I thought it was easy but not quite. If it can be shown it will give another proof of a formula I found. Here $m$ nad $n$ are non-negative integers. I would like the following to be (hopefully relatively simply) proven: $$\sum_k \left[ {m+1} \atop k \right]{ k+n \brace m}(-1)^{m+k} = 0$$ The case $n=0$ is easy since the only non-zero terms for this are when $k=m$ and $k=m+1$ $$\left[ m+1 \atop m\right] { m \brace m} - \left[ m+1 \atop m+1\right] { m+1 \brace m} = \left[ m+1 \atop m\right] \cdot 1 - 1\cdot { m+1 \brace m}$$ This is zero since it is well known that $$\left[ m+1 \atop m\right] = { m+1 \brace m}$$

Can the general case $n \ge 0$ be shown?

  • $\begingroup$ I tried the technique from the other post and it appears that it will produce the above formula as well, the algebra and the steps are the same, except that we need to start the generating function at $n=-1.$ The transformation from the EGF to the OGF also goes through since $n+k\ge 0.$ Alternatively we may replace $n$ by $n-1$ in the above and start the generating function at $n=0.$ $\endgroup$ Mar 29, 2014 at 0:55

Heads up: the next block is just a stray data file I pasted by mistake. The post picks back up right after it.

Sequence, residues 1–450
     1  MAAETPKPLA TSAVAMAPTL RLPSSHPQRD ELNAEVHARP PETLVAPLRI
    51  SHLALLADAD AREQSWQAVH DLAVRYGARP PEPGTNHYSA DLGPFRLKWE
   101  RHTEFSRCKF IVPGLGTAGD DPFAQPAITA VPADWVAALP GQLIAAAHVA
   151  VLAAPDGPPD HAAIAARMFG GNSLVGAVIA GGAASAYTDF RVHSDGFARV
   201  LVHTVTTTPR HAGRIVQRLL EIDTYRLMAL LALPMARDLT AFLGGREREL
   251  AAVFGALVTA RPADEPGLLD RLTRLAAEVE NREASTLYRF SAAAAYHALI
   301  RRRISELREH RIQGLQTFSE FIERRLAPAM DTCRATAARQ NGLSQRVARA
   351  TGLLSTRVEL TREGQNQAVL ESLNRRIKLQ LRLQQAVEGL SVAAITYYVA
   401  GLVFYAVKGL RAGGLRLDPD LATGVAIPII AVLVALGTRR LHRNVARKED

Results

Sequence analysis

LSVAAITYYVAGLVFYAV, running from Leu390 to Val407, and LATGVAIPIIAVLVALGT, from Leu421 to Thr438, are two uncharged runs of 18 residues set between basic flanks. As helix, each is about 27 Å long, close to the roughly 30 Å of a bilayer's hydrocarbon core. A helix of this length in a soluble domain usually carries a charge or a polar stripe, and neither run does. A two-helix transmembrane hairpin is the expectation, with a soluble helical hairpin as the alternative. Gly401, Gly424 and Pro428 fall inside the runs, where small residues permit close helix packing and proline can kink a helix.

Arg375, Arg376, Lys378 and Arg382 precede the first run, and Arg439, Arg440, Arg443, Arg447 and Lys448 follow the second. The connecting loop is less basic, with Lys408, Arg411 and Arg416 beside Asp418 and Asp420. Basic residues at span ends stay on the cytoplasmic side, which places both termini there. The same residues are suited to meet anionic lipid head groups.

• $\begingroup$ Oh well, I guess I have not found a simpler proof then. For the other post that is. $\endgroup$
    – adam W
    Mar 29, 2014 at 0:59
  • $\begingroup$ These identities suggest that there should be a combinatorial proof, especially for the one that sums to $m^n.$ $\endgroup$ Mar 29, 2014 at 1:12
  • $\begingroup$ I think I can show it: use the identity $\left[ m+1 \atop k \right] = \left[ m+2 \atop k+1\right] - (m+1)\left[ m+1 \atop k+1\right]$ repeatedly until all terms are zero by the inversion formula. Anyone wants to show the details can get a free accept from me. $\endgroup$
    – adam W
    Mar 29, 2014 at 1:28


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